Between the Cross and the Resurrection

cross resurrectionThis week, Christians around the world celebrate what is called Holy Week. Though most Christians celebrate Good Friday and Easter, every day of Holy Week is special – each day is unique.

On Palm Sunday, for example, Jesus entered Jerusalem as a humble king. The crowds received him as the promised Messiah with palms and psalms and Hosannas.

On Holy Monday, Jesus cursed the fig tree and cleansed the temple. Holy Tuesday bustled with busyness. Jesus taught the people in parables and watched a widow give everything she had. He answered every challenging question and described a distant day of judgment.

In contrast, Holy Wednesday was seemingly uneventful. One very important event occurred on that day, though. Mary Magdalene anointed Jesus with expensive perfume, prompting Judas to sell out his Savior for thirty pieces of silver.

Maundy Thursday was the Passover, the Last Supper, Holy Communion, the Garden of Gethsemane and the trial before the High Priest. The night ended with Jesus in chains, Peter weeping bitterly and Judas hanging himself.

The Friday we call Good is history’s defining moment. On that day, God took our place and suffered our pain and punishment. On Good Friday, God died so that we might live.

Saturday was different, though. The only thing we know about Holy Saturday is that the leaders of the Jews asked Pontius Pilate to seal the tomb and place a guard so that nobody could steal the body. They were afraid the disciples would take Jesus’ lifeless cadaver and claim he had risen.

What then follows is a long, dark silence until Easter dawn.

What must that Saturday have been like for Jesus’ disciples? The guilt of having deserted him. The fear they may be next. The confusion. The doubt. He had warned them about his death and promised to rise again, but could that really happen? Maybe it was all a lie.

On Holy Saturday, the disciples waited and wondered. They couldn’t yet see the victory. They had the promise, but their eyes saw only doom and despair. Jesus was dead. All seemed to be lost.

Caught between the cross and the resurrection, the disciples anxiously sat.

And so do we. Jesus’ cross lies behind us, as do all our sins. They were nailed to that cross where they forever will stay. That is why the Friday of Holy Week is called Good.

What lies ahead is the victory, the resurrection, the happiness of heaven.

Yet, like the disciples, here we wait. We wait in the dark silence of a world where all seems to be lost. We wait wondering, often confused, sometimes doubting. Yet we wait in faith, trusting that Easter dawn is coming. Like the disciples, our faith will one day be validated by an empty tomb and a resurrection.

My old English professor, Brian Dose, said it best: “Holy Saturday is where we too live and worship, between the darkness and the dawn. In the moment between our crosses and our empty tombs. Between doubting and touching the glorified wounds that paid for the sins of the world. But tomorrow only heaven.”

As you wait for Easter this Holy Saturday – as you wait in this world of sin and suffering, caught in the darkness between the cross and the resurrection – know that the dawn is coming.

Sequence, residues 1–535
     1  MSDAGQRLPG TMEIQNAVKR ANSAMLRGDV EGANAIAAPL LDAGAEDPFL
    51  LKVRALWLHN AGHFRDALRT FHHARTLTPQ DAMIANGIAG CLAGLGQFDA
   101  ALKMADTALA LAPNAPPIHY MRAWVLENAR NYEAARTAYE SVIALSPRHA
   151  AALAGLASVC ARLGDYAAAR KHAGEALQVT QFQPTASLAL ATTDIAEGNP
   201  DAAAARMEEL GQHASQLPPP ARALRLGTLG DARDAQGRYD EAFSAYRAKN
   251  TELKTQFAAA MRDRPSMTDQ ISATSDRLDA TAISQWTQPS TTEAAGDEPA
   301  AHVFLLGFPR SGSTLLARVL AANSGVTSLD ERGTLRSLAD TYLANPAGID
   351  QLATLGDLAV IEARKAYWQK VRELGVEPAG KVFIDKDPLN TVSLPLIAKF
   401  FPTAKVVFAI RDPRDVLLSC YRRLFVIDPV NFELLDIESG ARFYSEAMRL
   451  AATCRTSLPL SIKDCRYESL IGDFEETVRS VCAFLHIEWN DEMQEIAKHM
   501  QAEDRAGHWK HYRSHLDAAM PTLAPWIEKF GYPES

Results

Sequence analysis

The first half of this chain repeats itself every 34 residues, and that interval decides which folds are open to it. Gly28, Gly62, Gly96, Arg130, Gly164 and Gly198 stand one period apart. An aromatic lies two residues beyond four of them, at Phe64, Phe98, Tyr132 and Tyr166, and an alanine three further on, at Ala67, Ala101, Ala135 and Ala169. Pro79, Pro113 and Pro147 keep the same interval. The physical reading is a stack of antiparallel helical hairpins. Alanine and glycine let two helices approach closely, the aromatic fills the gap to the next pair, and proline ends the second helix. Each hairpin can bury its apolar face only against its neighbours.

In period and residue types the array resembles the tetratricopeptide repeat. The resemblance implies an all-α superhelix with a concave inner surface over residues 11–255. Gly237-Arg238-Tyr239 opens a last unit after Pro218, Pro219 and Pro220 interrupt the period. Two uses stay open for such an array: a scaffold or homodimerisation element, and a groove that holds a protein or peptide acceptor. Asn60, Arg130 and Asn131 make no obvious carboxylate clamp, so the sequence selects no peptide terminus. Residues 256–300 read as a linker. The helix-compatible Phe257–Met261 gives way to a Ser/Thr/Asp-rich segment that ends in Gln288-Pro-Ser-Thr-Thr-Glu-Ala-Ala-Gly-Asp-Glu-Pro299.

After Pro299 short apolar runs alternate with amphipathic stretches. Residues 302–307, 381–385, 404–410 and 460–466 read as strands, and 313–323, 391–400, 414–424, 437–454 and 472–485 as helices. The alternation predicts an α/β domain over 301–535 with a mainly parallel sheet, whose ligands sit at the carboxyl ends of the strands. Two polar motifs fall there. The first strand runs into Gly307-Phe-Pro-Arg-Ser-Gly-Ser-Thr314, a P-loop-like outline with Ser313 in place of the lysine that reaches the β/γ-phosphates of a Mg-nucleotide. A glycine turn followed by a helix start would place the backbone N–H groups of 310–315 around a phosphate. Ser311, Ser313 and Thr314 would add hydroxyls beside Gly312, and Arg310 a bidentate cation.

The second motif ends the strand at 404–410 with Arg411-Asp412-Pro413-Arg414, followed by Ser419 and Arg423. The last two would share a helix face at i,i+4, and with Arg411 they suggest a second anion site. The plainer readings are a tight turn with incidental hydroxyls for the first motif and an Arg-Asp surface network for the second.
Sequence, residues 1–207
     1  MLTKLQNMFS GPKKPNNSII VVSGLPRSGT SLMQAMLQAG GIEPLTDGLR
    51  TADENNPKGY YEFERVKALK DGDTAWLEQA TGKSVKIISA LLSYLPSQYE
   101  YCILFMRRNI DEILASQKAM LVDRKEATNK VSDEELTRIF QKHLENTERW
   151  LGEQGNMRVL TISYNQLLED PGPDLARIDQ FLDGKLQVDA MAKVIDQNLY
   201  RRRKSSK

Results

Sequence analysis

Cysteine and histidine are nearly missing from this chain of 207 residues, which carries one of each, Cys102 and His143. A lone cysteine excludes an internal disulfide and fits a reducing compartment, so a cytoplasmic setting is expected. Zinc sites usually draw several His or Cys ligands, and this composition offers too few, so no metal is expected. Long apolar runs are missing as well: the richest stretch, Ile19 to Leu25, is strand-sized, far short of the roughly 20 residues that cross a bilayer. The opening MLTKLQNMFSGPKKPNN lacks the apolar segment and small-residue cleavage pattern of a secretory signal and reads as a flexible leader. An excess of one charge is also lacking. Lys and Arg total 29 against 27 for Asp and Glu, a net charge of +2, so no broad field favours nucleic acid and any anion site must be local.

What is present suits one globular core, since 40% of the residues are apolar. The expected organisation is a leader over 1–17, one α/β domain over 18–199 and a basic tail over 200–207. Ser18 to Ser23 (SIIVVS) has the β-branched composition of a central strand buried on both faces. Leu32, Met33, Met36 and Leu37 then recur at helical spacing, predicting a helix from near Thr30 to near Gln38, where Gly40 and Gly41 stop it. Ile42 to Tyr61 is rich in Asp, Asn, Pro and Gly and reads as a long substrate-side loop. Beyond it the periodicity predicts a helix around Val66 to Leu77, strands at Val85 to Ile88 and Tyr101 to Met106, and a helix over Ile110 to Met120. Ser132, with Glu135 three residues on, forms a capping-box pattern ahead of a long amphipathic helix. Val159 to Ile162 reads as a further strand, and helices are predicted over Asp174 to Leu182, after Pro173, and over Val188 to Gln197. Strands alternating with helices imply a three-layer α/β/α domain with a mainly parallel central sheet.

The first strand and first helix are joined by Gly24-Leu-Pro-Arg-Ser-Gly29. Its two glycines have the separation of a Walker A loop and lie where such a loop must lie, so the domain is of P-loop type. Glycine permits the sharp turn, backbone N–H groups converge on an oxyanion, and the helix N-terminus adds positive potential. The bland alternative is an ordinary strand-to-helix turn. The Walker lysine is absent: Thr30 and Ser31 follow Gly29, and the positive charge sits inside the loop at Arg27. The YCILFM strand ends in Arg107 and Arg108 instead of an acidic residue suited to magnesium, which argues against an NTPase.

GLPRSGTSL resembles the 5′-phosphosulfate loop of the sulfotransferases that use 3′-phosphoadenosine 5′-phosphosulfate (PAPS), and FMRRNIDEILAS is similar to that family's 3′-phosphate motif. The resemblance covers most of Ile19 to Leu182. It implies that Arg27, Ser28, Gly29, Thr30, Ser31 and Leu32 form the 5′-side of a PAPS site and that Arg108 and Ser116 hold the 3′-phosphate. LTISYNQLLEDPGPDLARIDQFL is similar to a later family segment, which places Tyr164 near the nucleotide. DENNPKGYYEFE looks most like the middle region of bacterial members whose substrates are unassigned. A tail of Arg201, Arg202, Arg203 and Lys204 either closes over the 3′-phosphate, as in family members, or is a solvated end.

Tomorrow is heaven.


  11 comments for “Between the Cross and the Resurrection

  1. March 21, 2016 at 8:45 am

    Thank you for writing this posting. It is valuable to me. God bless your Holy Week and Easter celebration!

    • schroera
      March 21, 2016 at 8:47 am

      Thank you, Kim! Have a blessed Holy Week.

  2. Steven
    March 21, 2016 at 3:16 pm

    Romans 6 says that my baptism already connects me with Jesus’ death and resurrection. I am already a citizen of heaven and an adopted child of God.

    • schroera
      March 21, 2016 at 9:10 pm

      You are exactly right, Steven. It’s interesting how the Bible speaks. At times it talks of our salvation as being in the future and at times as if it already happened. Because of Jesus’ sacrifice an through baptism, we are adopted children of God. Heaven is ours right now. Yet, for now, we can’t see that heaven or adoption. For now we wait.

  3. Tlaisego Khunou
    March 21, 2016 at 3:43 pm

    Thank you, and may the Almighty God bless you…Blessed Holy week. Your words are an inspiration to me, a minister of the Lord. Am going to be teaching in my Parish Saturday, about resurrection and it’s importance to us.

  4. March 21, 2016 at 5:28 pm

    Was this the time when Jesus descended into hell and showed himself to prove his victory to Satan, his evil angels, and those souls doomed to eternity in darkness?

    • schroera
      March 21, 2016 at 9:15 pm

      Great question, Roger. Though we can’t say with exact certainty when Jesus descended into hell, we know it was after he rose (after his body and soul were reunited), but before he came out of the tomb (1 Peter 3:18-22). This places his descent into hell most likely sometime Saturday night or early Sunday morning.

      • Gregg
        March 26, 2016 at 2:46 pm

        The people who saw Jesus risen from the dead first were the people in hell. In order to appear to the people in hell, he had to bodily rise and come out of the tomb. He just had not visibly appeared to the women and Mary Magdalene and the disciples yet. And since the Bible makes clear that Jesus bodily rose on the 3rd day, that would place his descent into hell also on the 3rd day–early Sunday morning, but before he appeared to the women.

  5. Kenneth
    March 21, 2016 at 6:47 pm

    Praise God, Thank You JESUS

  6. March 26, 2016 at 11:30 am

    Thanks Andy for all your great posts and may you and your family have a Blessed Easter! One of my favorite passages is “He is not here He has risen, just as He said.”

    • schroera
      March 26, 2016 at 11:36 am

      Thanks, Linda. May God bless your celebration of his resurrection. Christ is risen! He is risen indeed!

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